Dog sharing could provide a pet insurance headache
A recent story in the Sunday Times in the UK explored the booming sharing economy that’s taking a hold of Great Britain. In this modern age, internet apps can be used to source anything from freelance employees to spare rooms to spend the night; however one trend Aquarium Software is paying extra attention to, is the latest match making between pet parents and those wanting a dog for a short period of time. According to Aquarium, new trends like this, whilst attractive to consumers, could have far reaching insurance premium ramifications for the industry as a whole.
Such pet sharing schemes sees pet owners - who could do with some time off from their pooches for any number of reasons - from work commitments, to holidays, for example, loan their animals to a dog lover who for whatever reason can’t own their own. Aquarium provides bespoke software solutions for pet insurance providers, and is keeping a keen eye on how this trend takes off with one mind on how pet owners loaning their dogs out through these match-making sites could affect the pet insurance industry.
“On the face of it this is a fantastic idea and could be a great way to ensure that animals are looked after in the best way possible,” said Mark Colonnese, Sales and Marketing Director. “It also offers those who really want a pet, but aren’t in a position to have one, the chance to look after a dog at a time that is mutually convenient. Sites like this also allow the dog owner to get to know the borrower and build up trust with whoever will be walking their dog.”
However, although Aquarium was fond of the principles, they believe that they could have implications on pet insurance premiums and coverage if the craze continues in the long term. Generally, sites offering sharing opportunities only cover third party liability, the pet parent may not be covered for certain health and safety complications on an insurer’s terms and conditions when the dog is in the care of someone else.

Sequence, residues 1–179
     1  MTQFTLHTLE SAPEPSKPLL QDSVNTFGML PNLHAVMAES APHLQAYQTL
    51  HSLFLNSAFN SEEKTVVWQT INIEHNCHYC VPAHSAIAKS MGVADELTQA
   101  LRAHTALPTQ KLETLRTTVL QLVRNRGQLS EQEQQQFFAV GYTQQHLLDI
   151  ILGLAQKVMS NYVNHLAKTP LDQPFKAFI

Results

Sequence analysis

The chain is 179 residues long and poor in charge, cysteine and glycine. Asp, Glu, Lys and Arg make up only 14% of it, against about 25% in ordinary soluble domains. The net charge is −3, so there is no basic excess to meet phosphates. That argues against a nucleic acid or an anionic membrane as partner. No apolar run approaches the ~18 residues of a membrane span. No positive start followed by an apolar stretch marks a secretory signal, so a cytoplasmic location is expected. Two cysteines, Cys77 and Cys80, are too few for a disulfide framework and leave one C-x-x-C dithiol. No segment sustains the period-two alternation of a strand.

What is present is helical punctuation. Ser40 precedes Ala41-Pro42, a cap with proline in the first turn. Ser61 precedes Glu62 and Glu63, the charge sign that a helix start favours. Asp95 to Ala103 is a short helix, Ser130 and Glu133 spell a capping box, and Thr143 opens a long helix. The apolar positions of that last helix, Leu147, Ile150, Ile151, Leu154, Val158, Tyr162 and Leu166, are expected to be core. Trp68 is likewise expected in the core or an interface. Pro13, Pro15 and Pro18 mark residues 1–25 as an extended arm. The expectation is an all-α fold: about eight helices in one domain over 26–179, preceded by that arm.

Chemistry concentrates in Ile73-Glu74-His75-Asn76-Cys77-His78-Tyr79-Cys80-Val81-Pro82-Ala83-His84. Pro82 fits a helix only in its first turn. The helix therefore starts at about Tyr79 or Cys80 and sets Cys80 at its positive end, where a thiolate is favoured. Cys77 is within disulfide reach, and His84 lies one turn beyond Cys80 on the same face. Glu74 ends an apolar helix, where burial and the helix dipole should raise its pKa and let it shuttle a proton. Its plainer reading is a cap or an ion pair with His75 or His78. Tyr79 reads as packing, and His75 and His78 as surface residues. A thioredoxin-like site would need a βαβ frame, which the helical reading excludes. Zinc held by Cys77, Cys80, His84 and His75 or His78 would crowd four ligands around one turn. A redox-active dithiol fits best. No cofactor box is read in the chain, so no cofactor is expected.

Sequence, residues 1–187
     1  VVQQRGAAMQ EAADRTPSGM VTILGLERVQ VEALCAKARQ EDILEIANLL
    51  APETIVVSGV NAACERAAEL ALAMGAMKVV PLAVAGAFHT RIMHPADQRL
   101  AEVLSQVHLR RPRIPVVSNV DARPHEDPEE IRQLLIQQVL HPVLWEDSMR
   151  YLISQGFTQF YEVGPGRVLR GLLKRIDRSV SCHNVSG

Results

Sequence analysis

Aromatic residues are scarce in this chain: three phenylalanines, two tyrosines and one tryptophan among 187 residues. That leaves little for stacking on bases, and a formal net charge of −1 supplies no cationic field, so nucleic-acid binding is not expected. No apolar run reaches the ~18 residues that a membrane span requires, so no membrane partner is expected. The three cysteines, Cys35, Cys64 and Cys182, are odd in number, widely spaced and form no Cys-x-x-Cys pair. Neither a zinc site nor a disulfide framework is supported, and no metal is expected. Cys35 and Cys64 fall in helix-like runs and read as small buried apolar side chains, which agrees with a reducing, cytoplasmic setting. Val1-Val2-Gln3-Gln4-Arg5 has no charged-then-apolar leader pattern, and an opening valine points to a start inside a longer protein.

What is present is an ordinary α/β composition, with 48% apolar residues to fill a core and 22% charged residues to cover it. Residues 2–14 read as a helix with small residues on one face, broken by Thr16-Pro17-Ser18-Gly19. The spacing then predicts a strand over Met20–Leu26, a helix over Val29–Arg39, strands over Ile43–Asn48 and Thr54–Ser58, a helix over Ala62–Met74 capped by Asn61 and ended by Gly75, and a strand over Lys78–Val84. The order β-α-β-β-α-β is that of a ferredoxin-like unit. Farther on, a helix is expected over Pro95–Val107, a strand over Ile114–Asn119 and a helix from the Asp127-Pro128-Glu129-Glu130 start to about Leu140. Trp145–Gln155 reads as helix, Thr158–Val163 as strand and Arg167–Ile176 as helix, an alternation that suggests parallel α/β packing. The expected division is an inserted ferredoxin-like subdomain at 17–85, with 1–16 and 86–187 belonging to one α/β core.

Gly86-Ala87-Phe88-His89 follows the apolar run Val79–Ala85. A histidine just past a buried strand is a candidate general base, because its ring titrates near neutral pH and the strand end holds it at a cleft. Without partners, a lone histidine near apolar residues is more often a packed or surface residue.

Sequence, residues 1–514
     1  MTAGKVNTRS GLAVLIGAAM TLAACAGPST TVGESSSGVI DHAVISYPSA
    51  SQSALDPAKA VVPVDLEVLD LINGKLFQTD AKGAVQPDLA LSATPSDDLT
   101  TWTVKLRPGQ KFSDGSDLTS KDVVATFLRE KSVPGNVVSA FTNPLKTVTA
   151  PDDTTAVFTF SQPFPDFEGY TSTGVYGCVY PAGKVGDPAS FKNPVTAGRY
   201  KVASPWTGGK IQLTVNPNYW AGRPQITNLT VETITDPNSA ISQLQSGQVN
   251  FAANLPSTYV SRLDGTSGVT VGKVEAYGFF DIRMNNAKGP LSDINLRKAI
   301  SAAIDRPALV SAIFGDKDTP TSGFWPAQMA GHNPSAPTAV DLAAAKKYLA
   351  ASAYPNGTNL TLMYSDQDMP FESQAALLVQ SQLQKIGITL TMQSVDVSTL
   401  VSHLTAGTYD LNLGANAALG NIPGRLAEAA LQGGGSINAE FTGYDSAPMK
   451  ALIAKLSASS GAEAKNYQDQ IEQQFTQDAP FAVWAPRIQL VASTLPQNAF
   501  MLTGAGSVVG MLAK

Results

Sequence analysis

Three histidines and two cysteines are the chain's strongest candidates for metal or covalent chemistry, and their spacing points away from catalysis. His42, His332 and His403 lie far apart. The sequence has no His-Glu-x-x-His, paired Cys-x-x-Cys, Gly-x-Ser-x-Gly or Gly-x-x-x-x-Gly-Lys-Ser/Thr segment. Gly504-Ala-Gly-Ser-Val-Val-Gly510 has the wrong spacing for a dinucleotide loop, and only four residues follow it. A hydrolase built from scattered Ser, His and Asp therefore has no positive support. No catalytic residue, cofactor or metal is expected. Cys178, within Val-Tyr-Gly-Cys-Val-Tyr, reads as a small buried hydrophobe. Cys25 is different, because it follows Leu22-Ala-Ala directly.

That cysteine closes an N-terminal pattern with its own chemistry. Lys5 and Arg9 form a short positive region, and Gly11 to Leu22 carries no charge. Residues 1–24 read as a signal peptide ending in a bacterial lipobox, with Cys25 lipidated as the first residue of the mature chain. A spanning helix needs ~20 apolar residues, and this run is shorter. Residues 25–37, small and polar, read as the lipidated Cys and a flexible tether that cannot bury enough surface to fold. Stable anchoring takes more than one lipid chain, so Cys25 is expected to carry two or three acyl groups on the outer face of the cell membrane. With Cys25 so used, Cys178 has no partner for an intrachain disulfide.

“It will be concerning for insurers to know that part-time pet owners are taking care of other peoples dogs for an hour or two a day,” said Mark. “You then have to factor that in to any risk when making a quote because you’ve got any number of people borrowing a dog that they’re not used to and don’t necessarily know how to look after it as well as an insurer would like.”
Although sites such as borrowmydoggy.com encourage large amounts of interface between pet owner and borrower on top of a supervised “welcome woof” with the pooch, allowing your dog out with a stranger is always leaving a lot up to trust. The site does offer useful advice on what information the pet owner should give to ensure a dog’s safety, but that could still fall short of the care expected by an insurer.
“Examples of dogs escaping and injuring themselves whilst in the care of someone else, or simply going missing would be a grey area when trying to make a claim,” explained Colonnese. “I think what insurers need to do in light of these sites is adapt their claims strategy and build in variables that allow for a fairer quote when pet owners are using these sites, but to do this more sophisticated technology is required and that’s one place where we could help.”
Aquarium have a long history of providing software for the insurance industry, however they recently honed in on the pet insurance market in a bid to make it more profitable by bringing its technology in line with other markets. Their software utilises the cloud as well as ‘management by exception’ to improve both the efficiency and effectivity of an insurer’s claims strategy, whilst at the same time improving the customer journey.
“With pet sharing sites such becoming more prevalent, it’s important that insurers continue to offer great customer service and respect that each pet owner is different and has their own requirements,” said Colonnese. “With better software insurers can build in considerations like whether someone will be loaning there dog out and you could even produce a rating system for the person borrowing the dog. All in all this could provide more accurate and valuable quotes on premiums for the pet owner, without any hit on profitability for the insurer.”